*J*^{?}=*J*(Φ^{(m)}?*δ*^{(m)}) If*J*^{?}>*J*, update the control signal as Φ^{(m+1)}= Φ^{(m)}?*δ*^{(m)}and go to the next loop, else, go to next step. - Step 4 : As both the positive and the negative perturbation could not improve the energy distribution, it may get an extremum. If the system remains stable for a few loops, compare the cost function
*J*with the optimized value*J*. Remain the signal and go to next loop if_{opt}*J*>_{opt}*J*, else, generate zero-mean statistically independent random perturbations*φ*whose variance is much bigger than*δ*, update the control signal and go to the next loop.

The purpose of this algorithm is reducing the phase variances *σ*
_{ϕ} to the extremum all the
time until the peak far-field intensity get the maximum, meanwhile the far-field energy distribution is optimized.

In order to prove the effect and convergence of DSAL method, we must refers to the work of Mr. C.D. Nabors[16]: the Strehl ratio *S*, defined as the ratio of
intensity of a beam divided by the peak intensity from a uniformly illuminated aperture having the same total power, may be decomposed as below:

In which the *N* emitter array is taken to be *Nx* × *N _{y}* rectangular grid of elements. To a certain system, the second term of formula (1) can be neglect while

*N*=

*N*

_{x}*N*≫ 1. Then we can simplify our cost function

_{y}*J*as formula (2):

Using the unit step function, we can describe the control signal of the *k*
_{th} element generated in step 2 and step 3 for the *m* + 1_{th} loop as formula (3):

Where

In which *ρ* is the correlation coefficient of Φ and *δ* case (a) For the orthogonal or totally independent *δ* and Φ,*ρ* = 0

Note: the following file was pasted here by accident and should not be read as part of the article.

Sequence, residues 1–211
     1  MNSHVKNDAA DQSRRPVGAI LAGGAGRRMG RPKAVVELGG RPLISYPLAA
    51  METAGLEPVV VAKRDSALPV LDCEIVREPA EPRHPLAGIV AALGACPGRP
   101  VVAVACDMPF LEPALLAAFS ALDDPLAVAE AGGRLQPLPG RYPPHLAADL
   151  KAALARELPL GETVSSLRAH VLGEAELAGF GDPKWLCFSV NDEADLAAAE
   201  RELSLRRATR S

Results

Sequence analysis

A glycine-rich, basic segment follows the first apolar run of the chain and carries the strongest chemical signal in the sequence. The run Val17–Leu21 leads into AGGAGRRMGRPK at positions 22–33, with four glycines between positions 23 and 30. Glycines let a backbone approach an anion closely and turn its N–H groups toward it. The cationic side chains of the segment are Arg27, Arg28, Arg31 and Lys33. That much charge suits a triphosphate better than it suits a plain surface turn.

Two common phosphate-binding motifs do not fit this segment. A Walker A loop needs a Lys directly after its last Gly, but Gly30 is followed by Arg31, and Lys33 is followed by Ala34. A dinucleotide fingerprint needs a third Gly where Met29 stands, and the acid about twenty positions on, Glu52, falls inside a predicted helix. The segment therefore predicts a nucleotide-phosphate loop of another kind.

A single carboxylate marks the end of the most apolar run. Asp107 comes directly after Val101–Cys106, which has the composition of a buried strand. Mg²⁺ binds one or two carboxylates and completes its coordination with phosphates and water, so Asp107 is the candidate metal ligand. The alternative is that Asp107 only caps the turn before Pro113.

Because of the limited *N* and phase modulated range (0~2*π*), the two could hardly be totally
independent or orthogonal.

case (b) For |*ρ*| ≤ *σ _{δ}*/

*σ*

_{Φ}case (c) For |*ρ*| > *σ _{δ}*/2

*σ*,

_{Φ}*u*(

*J*

^{±}?

*J*) ≈

*u*(∓2

*ρ*

*σ*

_{Φ}

*σ*

_{δ}) define

*σ*=

_{m}*σ*

^{m}_{Φ}:

From the case(a)(b)(c), we can see that the principle of DSAL is generating small random variables and choosing the useful ones directly, which makes the beams′ phase variance a monotonic decreasing quantity, until the system is already in the well situation (when *σ _{δ}* δ ≡ 2

*π*, initial

*σ*

_{Φ}= 2π, for the maximum

*ρ*= 1, the optimum

*S*≈ 0.92).

Some extreme situation was found during the simulation, while the system would be stable but not optimized. To jump out of those extremum, the series of large random perturbation *φ* = {*φ _{k}*}(

*k*= 1,2…

*N*) and the suitable criterion

*J*in the step 4 are necessary.

_{opt}## 3. Simulation

The simulation of the CBC system in Fig. 1 has been done with different beamlet number *N*. The emitter array is taken to be *N _{x}* ×

*N*rectangular grid of elements, in the centre of which are the circle laser beams with Gaussian intensity distribution, (Fig. 2(a)). Initially, each element had a random statistically independent zero-mean Gaussian phase noise with variance

_{y}*σ*

_{Φ}= 2

*π*, which led to a chaotic far-field intensity distribution (Fig. 2(b)).

Figure 2 exhibits the effect of the DSAL algorithm with different laser array. The perturbation function in the simulation has the same variance *σ _{δ}* = 2

*π*/20, a

*σ*= 2

_{φ}*π*/3.

Obviously, the far-field intensity distribution after 300 loops (Fig. 2(c)) is much more optimized than the initially, all of which are normalized by the ideal far-field maximum intensity with no phase noise.

Figure 3 shows the efficiency of the DSAL algorithm, in which we give the simulation result of 100 converging curve for different arrays with random initial phase noise. The x-coordinate is the number of loop times, while the y-coordinate is the energy in the pinhole, normalized by the ideal maximum without phase noise.

From the mean curve (the red, dashed one) in Fig. 3, we could get the conclusion that, for *N* lasers array CBC (*N* ≤ 25), the average loop times of the DSAL algorithm converging to the optimum (*S* ≥ 0.92) is about 5*N*. Considering that the steps in a single loop may be less than 4, the real converging speed of the DSAL algorithm will be faster.

## 4.Experiment